McAdam: Red Sox play the blame game

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McAdam: Red Sox play the blame game

By Sean McAdam
CSNNE.com

TORONTO -- There's more than one reason why the Red Sox have yet to reach .500 this season, and on Tuesday night, the start of their five-game road trip, there was more than one reason why they failed again.

There was the oversized pothole dug for them by starter Jon Lester, who lost both command and control of his emotions in a first inning that saw the lefty walk three, including one with the bases loaded.

There was the by-now standard inability to deliver the big hit when it was needed most. The Sox stranded 12 and in one particularly frustrating inning, the seventh, couldn't get a run after putting the first two hitters on base.

There was the home run allowed by DanielBard with the score tied in the eighth,which meant Adrian Gonzalez' ninth-inning homer tied, and didn't win, the game.

But ultimately, as the Sox slipped back to 17-19 with a 7-6, 10-inning defeat to the Toronto Blue Jays, it was the team's helplessness in the bottom of the final inning which sealed their fate and left them 0-for-3 in games which could have brought them back to the break-even point.

The Red Sox knew that Rajai Davis was going to run. What was left of the undersized crowd at Rogers Centre knew it, too. But the Red Sox could do nothing to stop Davis, ultimately, from stealing this game from them.

Matt Albers had worked an efficient ninth inning, but quickly fell behind Davis 3-and-1 with one out in the bottom of the 10th.

"In that situation,'' said Albers, "I'm not going to walk him. I'm going to make him hit the ball. He hit a chopper to the right spot which got into center field."

But Davis was just getting started.

The Red Sox called for a pitchout as Davis broke for second. But even with that, catcher Jason Varitek one-hopped his throw and Davis slid in safely.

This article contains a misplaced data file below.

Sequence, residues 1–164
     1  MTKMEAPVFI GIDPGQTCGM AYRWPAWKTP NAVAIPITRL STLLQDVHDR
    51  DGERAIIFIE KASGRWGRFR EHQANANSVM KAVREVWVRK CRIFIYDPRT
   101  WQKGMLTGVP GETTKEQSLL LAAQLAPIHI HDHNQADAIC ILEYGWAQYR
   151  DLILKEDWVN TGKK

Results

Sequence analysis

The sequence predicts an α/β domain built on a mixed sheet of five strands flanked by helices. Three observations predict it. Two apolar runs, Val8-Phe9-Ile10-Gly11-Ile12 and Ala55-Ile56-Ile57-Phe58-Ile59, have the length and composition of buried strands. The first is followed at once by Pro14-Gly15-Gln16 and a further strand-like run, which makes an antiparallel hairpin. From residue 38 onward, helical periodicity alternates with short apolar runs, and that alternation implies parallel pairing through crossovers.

"We had the pitchout,'' recounted Varitek. "We had the right thing. I wasn't able to gain as much as ground as I would have liked in making the throw. It ended up bang-bang."

"If we get the ball in the air to second,'' said Terry Francona, "we've got him.''

Davis wasn't done, however.

Francona said infield coach Tim Bogar tried to get rookie shortstop Jose Iglesias's attention to hold Davis closer to the second-base bag, but couldn't.

"Maybe a little bit of inexperience on Iggy's part,'' said Francona, "just not getting tight enough. It certainly changed the way we had to defense the Jays the rest of the inning."

Albers, however, took the blame for not doing a better job in keeping Davis anchored.

"I shouldn't have let him steal third,'' he said. "That was on me. I've got to keep him closer and keep him at second. It's unfortunate. You know he's going to go.''

"Third . . . it was . . . no contest," recounted Varitek. "Hindsight, you can always say that you could have done this or that. But I wasn't able to make a throw."

Not that the Sox were surrpised by Davis's decision to take off for third, even though he was already in scoring position.

"Not in the least bit,'' said Varitek. "He was that way in Oakland. He's got accelerated speed. By no means were we surprised.''

From there, all the Blue Jays needed was a simple sacrifice fly, which they got from rookie David Cooper. A routine flyout to center, which would have been the second out had David been kept at second, instead Sox sent the Sox to their second extra-inning loss in the last six days.